To sell in May or not to sell in May? I guess that's the question.
Many people think that once we enter May, we're at that time of year when markets perform more poorly than they did during the prior six months. But for everyone who thinks May has to be a down month, I suggest you take a step back and consider the following: The first four months of the year have been terrific, so wouldn't it be natural for the next few months to take a breather?
As we consider sentiment, look at some big changes this week. First, folks seemed to get bearish in a hurry once beloved Alphabet's Google (GOOGL) (GOOG) disappointed, because the put/call ratio zoomed up to triple digits (104%) for the first time in a month. Hey, maybe they really are concerned about the month of May.
Of course that high reading serves to push the 10-day moving average up. But look at the second big change: The Investors Intelligence bulls scooted over 55% -- chiming in at 56.4%. Even I'm a bit shocked that they finally moved, especially since the bears fell to 17.8%, their lowest level since June of last year. This means we're likely pushing toward giddy.
On the chart below, however, you can see there really is no magic number. In 2016, coming off that big low in late January and early February, the bulls failed to reach 55% until August. It looks as if we're in a similar position, in that it's taken four months to get this high. In 2016, they never got to 60% before the market corrected that fall, so in that case 55% was "enough."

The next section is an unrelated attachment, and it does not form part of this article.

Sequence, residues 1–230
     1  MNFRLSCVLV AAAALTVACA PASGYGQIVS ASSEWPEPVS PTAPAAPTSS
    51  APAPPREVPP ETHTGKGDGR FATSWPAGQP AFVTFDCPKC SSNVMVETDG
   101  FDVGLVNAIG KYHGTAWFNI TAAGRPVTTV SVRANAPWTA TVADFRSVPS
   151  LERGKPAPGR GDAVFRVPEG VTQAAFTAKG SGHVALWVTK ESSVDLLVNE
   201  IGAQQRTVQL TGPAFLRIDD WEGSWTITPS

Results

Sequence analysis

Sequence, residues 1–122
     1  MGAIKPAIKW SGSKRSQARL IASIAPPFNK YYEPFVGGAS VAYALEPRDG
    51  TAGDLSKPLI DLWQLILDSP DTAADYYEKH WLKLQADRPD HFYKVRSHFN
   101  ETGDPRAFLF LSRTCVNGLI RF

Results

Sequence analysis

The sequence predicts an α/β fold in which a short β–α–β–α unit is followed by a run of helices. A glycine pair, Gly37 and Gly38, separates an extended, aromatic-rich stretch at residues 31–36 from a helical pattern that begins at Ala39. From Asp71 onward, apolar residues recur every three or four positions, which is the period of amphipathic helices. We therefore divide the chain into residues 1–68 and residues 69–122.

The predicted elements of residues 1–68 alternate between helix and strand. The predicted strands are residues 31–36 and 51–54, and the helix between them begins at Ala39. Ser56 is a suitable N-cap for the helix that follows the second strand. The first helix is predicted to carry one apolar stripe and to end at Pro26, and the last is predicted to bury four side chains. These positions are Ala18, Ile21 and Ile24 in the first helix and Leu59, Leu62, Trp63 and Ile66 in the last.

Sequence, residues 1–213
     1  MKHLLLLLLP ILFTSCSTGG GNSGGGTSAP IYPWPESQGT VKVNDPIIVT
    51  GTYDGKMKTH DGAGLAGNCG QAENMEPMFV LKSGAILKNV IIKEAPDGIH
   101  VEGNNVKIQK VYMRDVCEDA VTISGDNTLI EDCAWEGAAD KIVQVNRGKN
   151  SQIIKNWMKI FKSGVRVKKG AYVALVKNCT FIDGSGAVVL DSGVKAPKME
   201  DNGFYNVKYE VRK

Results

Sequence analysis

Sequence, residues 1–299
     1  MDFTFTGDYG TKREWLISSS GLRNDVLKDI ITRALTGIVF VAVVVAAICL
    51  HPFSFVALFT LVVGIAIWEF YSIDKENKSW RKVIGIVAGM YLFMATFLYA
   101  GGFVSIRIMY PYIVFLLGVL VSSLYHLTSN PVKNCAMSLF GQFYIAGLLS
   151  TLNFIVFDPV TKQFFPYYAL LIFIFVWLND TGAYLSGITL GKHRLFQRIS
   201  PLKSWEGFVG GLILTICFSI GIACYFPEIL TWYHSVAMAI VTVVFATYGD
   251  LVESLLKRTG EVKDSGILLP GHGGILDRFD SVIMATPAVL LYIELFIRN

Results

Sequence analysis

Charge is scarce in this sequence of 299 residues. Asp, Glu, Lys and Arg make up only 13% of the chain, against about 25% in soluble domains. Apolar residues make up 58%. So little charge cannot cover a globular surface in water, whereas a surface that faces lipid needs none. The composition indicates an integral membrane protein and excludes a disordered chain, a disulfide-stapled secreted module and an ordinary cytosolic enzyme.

You can also see that in early 2017 and again in late 2017, the rise to over 60% bulls didn't matter to the markets. It wasn't until 2018 that these indicators mattered. The other part of this survey I like to watch is the bears-plus-correction minded folks. That's because you can see when we combine them and they soar, we are at lows in the market. On the other side, they rarely go under 40% when combined. And once there, they don't stay there long (presumably because the market begins to correct). The current reading is around 43%.
The other big indicator change was the number of stocks making new highs on the New York Stock Exchange. The highs increased to the highest reading in more than a year. This is good news. But before you tell me that there were so many interest rate-related stocks on the list, I would remind you that I do not rationalize an indicator. When there were so many interest rate-related stocks on the new low list in September, I didn't dismiss them, either. Besides, aren't interest rates a reason stocks go up and down?